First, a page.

The Bechdel Test started as a gender litmus and has become a remarkably useful indicator of power imbalance. The test is named after Amy Bechdel a cartoonist who outlined the rules in a 1985 cartoon. To pass the Bechdel Test, a film has to have two women in it, who talk to each other, about something other than a man.
Sometimes the proviso is added that the women have to have names, because some films can have many women characters, but if the characters are all “girl at checkout” and “girl with gun” then they are just devices to add color or move the action forward. And of course, possession of a name is an important indicator of personhood, or identity awareness, so it’s always one of the first steps to separate the beings from the machines.
Many films seem at first glance to have badass female characters but when put to the Bechdel Test, it becomes clear that they never talk to anyone but the main man, or if they talk to each other, it’s about the main male characters. So really, they have no interiority, no self awareness and are probably going to fail a Turing Test. That’s where I think it would be very interesting if the Turing Test were to meet the Bechdel Test more often.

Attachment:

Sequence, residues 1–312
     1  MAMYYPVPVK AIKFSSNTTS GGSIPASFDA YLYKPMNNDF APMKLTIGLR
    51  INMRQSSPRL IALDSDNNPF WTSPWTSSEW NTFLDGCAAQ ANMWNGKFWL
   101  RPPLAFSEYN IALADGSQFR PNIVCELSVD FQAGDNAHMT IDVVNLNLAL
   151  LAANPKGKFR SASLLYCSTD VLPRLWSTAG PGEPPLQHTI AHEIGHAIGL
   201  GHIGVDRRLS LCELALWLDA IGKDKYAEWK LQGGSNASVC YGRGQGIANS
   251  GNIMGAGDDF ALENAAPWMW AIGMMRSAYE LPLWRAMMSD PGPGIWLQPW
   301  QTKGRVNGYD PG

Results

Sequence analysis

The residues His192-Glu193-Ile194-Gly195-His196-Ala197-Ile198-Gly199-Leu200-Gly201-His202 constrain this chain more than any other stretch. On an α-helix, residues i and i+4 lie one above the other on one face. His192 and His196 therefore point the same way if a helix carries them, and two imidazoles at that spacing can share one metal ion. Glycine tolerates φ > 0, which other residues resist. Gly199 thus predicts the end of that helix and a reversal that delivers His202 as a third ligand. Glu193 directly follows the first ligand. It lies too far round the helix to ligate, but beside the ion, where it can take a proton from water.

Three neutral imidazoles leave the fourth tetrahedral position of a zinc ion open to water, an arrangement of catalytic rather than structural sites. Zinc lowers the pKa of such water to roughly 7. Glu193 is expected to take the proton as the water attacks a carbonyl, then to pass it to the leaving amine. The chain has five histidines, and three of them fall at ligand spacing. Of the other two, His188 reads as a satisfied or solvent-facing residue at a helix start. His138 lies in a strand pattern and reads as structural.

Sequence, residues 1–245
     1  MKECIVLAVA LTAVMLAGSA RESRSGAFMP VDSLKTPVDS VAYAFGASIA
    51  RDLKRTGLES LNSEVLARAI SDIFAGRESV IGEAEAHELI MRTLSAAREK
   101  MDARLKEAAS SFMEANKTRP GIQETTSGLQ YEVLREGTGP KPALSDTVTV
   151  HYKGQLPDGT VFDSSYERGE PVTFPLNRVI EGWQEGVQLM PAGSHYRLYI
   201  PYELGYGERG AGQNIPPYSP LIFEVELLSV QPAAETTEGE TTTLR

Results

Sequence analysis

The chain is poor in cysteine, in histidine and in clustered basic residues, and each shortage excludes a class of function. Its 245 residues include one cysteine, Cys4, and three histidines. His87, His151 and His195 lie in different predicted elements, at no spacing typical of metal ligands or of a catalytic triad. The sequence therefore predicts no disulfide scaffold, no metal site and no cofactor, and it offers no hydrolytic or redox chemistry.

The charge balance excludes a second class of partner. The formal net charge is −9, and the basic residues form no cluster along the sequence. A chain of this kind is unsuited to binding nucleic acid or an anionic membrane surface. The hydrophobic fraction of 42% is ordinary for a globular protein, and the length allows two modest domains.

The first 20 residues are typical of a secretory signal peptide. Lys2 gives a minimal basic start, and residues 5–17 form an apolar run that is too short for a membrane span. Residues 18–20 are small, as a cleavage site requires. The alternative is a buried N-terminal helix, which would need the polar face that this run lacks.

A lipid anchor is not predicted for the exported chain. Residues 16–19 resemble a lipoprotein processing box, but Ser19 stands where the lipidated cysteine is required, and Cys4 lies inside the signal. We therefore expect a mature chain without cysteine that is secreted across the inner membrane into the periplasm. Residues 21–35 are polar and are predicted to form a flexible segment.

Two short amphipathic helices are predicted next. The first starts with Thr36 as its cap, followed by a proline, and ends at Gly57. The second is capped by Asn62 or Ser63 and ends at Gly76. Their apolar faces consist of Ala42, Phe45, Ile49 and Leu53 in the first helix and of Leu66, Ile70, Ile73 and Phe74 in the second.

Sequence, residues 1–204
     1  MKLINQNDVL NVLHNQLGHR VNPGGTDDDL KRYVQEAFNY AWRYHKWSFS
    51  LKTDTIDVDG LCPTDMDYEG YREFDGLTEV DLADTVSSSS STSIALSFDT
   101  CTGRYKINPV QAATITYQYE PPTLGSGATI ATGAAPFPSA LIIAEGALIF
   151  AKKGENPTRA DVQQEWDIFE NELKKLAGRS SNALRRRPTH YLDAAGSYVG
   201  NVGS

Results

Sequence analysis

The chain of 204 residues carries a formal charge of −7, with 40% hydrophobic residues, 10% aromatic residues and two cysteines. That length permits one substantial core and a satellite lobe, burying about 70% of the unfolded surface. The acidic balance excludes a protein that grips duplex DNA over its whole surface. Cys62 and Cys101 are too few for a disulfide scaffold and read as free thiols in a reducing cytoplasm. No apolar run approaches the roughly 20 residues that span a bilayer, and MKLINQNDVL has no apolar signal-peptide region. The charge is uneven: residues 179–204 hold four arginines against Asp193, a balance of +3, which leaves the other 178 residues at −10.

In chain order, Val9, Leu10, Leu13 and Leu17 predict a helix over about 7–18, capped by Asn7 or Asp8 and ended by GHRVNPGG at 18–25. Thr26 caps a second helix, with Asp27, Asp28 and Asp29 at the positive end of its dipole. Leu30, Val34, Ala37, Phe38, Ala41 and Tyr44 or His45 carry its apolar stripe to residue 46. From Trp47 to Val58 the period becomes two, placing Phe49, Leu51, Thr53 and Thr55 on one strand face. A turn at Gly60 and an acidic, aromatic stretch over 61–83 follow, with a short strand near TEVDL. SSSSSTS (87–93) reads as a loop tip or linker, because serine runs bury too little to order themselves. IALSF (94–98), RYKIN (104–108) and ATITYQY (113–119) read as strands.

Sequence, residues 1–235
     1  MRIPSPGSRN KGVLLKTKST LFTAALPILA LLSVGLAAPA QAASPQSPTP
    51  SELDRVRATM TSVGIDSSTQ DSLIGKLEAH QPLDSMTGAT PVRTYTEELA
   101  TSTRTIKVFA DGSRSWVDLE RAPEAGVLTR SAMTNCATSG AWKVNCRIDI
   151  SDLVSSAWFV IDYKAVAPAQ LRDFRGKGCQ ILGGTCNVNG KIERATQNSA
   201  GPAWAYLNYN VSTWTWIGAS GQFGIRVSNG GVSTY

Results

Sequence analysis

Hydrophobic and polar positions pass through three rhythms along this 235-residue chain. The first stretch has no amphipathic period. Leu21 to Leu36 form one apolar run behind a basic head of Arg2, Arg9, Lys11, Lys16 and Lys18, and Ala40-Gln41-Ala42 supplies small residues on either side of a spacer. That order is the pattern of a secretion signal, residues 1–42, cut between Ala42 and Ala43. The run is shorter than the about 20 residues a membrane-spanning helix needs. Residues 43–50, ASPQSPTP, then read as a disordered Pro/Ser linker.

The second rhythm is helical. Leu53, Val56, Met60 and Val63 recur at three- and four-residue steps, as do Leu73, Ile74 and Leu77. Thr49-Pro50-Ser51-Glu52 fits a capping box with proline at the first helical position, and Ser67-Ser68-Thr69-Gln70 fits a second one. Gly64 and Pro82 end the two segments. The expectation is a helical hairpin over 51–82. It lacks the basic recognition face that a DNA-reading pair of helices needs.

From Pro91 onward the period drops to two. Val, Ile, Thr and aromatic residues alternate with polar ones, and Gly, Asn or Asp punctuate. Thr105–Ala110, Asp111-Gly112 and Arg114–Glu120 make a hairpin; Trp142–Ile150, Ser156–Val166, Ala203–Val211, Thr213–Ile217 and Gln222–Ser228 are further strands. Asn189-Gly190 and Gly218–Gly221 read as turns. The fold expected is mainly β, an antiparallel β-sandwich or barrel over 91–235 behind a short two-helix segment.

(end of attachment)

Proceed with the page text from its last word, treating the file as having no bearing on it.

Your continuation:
Garland is also playing games with gender and the alienness of AI in Ex Machina. There is a beautiful scene where Ava, the AI, performs a reverse strip tease, putting on her human body.
But I’m afraid that Ex Machina falls at the final fence, as does just about every other science fiction film I’ve ever seen, aside from Alien. The Bechdel Test is useful for more than examining gender representation. It can be our Turing Test for creating believable alien or artificial life forms. If you look at our filmic or cultural representations of the other or alien, then you have to be struck by the singular nature of them all. From Frankenstein to Big Hero 6, do they have any reality without the central human characters?